wanting to suppress the original author (a politcal prisoner who would otherwise have achieved literary fame in russia) and needing to conceal the atrocities committed against their own people, the russians took The Quiet Don into the commons, ripped, mixed, and burned the original version and released an “improved” version attributed to sholokhov.

    the version published in russia and in the west catapulted sholokhov to literary – and political – fame and the censored edition gave a completely false picture of russian history.

    had kryukov been able to assert his copyright and stop the publication and distribution of the false version, history might have been different.

    but without copyrigtht, there was nothing kryukov could do to prevent others from misappropriating his work, robbing him of his fame, silencing his voice, and distorting his history.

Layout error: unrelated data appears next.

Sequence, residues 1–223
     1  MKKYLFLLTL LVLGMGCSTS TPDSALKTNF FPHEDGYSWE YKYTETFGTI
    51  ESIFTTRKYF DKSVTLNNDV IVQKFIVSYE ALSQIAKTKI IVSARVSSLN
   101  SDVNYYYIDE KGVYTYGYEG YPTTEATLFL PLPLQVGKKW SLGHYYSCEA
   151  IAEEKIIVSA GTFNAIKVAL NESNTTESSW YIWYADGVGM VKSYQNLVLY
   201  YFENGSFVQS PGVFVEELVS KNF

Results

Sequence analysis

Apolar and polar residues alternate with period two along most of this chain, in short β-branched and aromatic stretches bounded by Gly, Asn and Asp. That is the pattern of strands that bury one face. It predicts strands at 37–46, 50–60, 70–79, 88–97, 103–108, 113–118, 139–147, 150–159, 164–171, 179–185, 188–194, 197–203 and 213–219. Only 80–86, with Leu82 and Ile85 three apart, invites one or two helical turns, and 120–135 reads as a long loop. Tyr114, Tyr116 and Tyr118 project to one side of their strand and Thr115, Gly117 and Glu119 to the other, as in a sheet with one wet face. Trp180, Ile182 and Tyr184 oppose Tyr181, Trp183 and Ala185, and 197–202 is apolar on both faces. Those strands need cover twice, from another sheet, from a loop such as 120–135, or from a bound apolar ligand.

now of course we know that this sort of thing is not what cc is intended to encourage. our point is that true “liberation” – that resulting from freedom of speech – is more likely to come from strong copyright than from the elevation of consumer’s rights over the rights of authors and aritsts to control the reproduction and distribution of their work.

    the estonians should know this better than anyone.

  • elizabeth *k

    three blind mice–